Clearing The Myth About Standing On A Pool Table

Yes, we know you have seen TV personalities and pro players jumping on the pool table to celebrate and commemorate a win. However, as already mentioned earlier, these are extremely pricey high-end tables that are with additional support than the ordinary slate beds.

These pretty and highly durable slate beds are specially used exclusively for the competitions or special programs. They are not only made from the full wood backing frame, but the slate itself is an inch thick, similar to the professional 9-inch tables used by the BCA (Billiard Congress of America).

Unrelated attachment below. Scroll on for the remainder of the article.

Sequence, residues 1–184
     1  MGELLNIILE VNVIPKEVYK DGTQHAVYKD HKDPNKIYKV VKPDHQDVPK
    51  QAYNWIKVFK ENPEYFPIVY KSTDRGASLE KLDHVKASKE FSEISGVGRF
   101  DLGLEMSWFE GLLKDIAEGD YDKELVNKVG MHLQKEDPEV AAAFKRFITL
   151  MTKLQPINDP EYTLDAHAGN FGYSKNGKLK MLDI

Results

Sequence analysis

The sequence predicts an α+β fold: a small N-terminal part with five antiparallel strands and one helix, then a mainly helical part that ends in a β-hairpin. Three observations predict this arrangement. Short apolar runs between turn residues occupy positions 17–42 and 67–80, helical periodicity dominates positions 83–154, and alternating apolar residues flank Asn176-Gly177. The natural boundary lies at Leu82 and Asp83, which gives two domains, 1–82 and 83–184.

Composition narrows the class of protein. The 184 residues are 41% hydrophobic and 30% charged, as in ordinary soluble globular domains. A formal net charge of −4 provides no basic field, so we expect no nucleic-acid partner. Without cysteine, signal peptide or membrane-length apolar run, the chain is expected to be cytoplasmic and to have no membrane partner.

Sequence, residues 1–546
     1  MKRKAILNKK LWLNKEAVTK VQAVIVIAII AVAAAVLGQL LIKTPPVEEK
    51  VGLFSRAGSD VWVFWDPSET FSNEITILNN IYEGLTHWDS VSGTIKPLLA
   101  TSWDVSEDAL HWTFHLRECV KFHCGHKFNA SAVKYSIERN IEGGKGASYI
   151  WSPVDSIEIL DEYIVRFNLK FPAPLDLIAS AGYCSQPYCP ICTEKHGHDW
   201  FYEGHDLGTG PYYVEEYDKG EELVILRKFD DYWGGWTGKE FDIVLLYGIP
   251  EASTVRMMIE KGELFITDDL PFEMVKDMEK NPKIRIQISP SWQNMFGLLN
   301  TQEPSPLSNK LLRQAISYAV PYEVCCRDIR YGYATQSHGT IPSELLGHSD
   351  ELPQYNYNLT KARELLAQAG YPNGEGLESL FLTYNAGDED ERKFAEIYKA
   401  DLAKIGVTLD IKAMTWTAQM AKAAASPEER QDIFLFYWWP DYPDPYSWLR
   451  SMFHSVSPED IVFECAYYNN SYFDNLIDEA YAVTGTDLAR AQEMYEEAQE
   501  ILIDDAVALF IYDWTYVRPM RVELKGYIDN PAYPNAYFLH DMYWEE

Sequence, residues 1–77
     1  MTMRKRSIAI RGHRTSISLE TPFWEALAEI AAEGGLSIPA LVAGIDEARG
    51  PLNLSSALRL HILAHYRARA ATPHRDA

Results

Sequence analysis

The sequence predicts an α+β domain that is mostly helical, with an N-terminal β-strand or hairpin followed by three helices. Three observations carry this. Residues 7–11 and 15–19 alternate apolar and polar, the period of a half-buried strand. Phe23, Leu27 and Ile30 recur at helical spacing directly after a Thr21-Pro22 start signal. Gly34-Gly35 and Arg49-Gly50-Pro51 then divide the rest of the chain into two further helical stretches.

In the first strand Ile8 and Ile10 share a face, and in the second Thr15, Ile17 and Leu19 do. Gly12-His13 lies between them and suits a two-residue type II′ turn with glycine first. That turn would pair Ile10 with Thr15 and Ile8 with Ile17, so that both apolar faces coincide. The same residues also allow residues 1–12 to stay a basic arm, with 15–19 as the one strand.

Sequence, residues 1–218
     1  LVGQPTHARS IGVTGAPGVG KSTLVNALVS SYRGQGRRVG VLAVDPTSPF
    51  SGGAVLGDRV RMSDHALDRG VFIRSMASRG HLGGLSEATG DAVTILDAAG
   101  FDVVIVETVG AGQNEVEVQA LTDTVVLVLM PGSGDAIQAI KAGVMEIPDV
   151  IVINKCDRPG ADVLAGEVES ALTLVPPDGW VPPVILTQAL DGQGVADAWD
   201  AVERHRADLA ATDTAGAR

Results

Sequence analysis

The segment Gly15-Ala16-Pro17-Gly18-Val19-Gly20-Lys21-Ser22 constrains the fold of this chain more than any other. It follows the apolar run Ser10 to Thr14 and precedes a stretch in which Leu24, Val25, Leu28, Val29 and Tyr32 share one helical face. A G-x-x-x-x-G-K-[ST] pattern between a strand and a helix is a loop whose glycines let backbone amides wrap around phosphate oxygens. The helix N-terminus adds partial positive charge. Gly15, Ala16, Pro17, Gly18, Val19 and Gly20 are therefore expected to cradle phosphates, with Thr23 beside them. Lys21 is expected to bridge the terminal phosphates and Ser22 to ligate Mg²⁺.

Furthermore, let’s not forget that just like the professional football players who do not wear the same cleats again, the pool players will probably not use the same table of cloth again for the next competition. Even then, standing on the pool table cannot be justified.

10 Rules To Protect Your Pool Table

  1. Make sure you do not stand on or move the table after the installation work, as this can pose irreparable damage such as popping of slate seams, broken legs, broken aprons, broken slate, and knocking table out of level.
  2. When you lean over the table to take a shot, be careful to not let the belt buckle or other accessories scratch the rails. Items like bracelets, rings, and watches can easily dent or scratch the finish.
  3. Avoid sitting on the pool table rails as this may damage them and other sections of the table. You must also avoid sitting on the rails as this may cause the cushions to get separated from the wooden part of the rail.